after i spent a while at the upholstery studio, i decided i would try bigger projects. it worked. i sold a couch to my pal Evan, who works in IT and makes zines for enthusiasm assistance. when i get a good photo of the couch, i will post his contact information and where you can find his zines. for now, here's a photo of the sketch for the piece (it was updated and some of the dimensions changed):
Explanation: Evan lives in a studio apartment. Given the layout, it was difficult to find an "off-the-rack" couch from local and international firms that would fit the space and provide assistance for what would be lost with the opportunity cost of a couch. Evan wanted something that you could take a nap on (as opposed to spending a week on), something that a few people could fit on (3+), something that would facilitate party-seating and video games. Sure, this may not be exactly what he "asked for" but i remember discussing these options (evan? input?). Additionally, I thought it would be interesting to have asymmetrical arms on the couch, not just for looks, but to open up the room (near the short/thinner side) and to provide a flat space large enough to set a plate/laptop/wide bottom coffee cup on the opposite. originally, i had planned to have the arms interchangeable but upholstery batting proved otherwise. of course, if the batting and fabric were removed from the arms, they could be changed.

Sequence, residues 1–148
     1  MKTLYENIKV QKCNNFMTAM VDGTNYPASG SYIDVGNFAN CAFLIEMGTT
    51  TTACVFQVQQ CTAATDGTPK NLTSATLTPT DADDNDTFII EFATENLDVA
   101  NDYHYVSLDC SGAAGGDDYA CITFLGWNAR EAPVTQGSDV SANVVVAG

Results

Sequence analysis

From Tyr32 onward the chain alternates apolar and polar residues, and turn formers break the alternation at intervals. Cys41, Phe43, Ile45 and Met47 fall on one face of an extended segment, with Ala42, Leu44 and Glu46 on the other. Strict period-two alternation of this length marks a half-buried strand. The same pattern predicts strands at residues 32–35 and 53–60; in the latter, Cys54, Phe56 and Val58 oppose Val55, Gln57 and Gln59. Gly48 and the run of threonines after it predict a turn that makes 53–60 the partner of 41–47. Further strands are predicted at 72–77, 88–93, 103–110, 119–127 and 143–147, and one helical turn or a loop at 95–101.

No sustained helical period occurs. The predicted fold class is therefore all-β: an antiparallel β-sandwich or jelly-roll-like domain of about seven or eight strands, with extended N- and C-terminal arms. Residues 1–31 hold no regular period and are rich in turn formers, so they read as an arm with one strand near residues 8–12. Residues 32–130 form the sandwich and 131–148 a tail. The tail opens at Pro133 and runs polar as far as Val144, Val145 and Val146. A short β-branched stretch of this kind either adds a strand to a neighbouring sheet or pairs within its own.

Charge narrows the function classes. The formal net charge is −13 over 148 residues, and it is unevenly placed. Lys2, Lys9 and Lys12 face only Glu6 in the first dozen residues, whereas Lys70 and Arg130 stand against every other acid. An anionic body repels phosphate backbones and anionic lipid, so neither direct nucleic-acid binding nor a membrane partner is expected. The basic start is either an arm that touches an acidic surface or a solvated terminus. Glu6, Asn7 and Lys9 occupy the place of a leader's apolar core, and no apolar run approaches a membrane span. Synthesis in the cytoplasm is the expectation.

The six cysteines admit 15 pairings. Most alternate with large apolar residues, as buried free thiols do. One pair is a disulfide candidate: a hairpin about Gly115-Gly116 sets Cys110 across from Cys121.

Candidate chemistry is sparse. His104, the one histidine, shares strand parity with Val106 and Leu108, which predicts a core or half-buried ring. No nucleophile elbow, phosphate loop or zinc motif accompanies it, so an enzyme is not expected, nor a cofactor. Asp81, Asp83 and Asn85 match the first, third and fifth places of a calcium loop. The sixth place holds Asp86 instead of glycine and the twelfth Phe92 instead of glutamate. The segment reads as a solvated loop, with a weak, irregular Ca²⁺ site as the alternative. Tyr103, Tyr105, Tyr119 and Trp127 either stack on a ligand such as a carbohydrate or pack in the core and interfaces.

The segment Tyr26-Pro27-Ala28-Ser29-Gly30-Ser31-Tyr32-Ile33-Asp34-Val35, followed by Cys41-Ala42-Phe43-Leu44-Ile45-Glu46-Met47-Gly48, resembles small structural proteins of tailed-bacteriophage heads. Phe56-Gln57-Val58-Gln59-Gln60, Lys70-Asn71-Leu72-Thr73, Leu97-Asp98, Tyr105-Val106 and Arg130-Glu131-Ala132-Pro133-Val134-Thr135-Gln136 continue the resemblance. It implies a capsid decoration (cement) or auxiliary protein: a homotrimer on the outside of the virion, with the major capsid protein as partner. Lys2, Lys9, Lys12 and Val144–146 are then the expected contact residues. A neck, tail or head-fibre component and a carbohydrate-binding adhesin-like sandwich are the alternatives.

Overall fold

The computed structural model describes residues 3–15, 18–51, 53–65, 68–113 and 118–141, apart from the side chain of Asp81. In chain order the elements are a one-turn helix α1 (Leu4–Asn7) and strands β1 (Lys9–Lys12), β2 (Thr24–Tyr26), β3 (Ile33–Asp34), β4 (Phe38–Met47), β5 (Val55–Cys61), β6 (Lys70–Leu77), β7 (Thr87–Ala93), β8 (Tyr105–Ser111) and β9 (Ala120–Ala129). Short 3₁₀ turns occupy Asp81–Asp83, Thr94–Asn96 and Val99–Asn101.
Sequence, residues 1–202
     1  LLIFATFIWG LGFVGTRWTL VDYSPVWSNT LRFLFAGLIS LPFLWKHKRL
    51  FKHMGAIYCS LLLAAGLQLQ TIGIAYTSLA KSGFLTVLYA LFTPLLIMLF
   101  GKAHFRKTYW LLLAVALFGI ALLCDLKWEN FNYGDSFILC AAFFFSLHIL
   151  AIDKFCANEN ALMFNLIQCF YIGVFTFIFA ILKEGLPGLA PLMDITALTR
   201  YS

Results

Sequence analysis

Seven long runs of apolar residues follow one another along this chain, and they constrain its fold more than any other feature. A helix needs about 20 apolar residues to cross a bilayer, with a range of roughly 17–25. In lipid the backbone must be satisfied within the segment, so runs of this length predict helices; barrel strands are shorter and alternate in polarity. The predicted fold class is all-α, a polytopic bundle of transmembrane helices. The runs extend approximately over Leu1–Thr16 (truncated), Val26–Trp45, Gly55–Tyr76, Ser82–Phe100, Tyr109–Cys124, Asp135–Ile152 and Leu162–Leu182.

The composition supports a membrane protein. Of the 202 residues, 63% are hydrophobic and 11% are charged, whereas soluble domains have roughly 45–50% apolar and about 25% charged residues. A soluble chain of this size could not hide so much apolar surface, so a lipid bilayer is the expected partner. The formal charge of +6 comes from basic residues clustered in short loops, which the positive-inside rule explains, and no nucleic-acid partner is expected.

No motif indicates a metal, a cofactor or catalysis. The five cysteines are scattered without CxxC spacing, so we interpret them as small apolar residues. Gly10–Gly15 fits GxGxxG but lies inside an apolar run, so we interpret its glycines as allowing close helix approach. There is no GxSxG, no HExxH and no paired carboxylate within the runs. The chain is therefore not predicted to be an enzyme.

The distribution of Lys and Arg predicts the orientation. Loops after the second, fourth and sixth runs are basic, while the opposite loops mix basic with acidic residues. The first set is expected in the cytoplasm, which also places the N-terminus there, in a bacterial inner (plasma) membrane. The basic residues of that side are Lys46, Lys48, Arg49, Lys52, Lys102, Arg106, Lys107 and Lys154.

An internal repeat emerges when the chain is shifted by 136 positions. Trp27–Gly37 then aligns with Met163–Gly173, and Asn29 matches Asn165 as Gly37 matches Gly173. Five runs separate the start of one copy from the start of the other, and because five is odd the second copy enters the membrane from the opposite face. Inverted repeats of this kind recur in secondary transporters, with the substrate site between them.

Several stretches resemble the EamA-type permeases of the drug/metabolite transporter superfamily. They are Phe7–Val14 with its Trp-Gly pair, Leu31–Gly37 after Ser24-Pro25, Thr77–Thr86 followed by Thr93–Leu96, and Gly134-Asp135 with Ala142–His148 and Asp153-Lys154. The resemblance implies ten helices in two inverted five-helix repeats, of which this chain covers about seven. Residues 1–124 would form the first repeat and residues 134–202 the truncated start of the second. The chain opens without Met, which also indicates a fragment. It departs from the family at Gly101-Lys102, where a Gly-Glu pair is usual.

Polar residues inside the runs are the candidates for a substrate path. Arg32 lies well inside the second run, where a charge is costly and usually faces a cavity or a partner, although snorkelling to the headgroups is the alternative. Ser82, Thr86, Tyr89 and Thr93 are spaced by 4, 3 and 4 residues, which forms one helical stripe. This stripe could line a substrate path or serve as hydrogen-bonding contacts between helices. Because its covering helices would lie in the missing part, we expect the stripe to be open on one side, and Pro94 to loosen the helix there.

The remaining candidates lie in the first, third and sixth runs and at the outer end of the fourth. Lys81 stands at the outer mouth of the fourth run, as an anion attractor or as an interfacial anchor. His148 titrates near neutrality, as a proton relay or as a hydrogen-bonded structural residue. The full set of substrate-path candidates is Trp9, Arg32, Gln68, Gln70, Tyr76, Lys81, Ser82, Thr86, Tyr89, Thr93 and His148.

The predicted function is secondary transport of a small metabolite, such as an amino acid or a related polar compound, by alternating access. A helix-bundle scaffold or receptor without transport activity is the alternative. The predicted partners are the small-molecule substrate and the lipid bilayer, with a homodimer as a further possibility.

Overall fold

Things I learned on the project: Draw everything out, twice. Use burlier parts, overbuild if necessary. When quoting cost, double it and add 50% (I still can't do this, I feel guilty), When estimating time, double it and add another double, everything always takes longer than you think it does. Don't get mad at parts. Have an efficient workspace, clean up after you work and try not to spread out. When listing parts needed, make sure to get the small stuff (yes, staples and screws too). Use/get the right tool for the job, when using an amateur tool expect an amateur output (namely:staple gun and pneumatic staple gun, one requires additional hammering).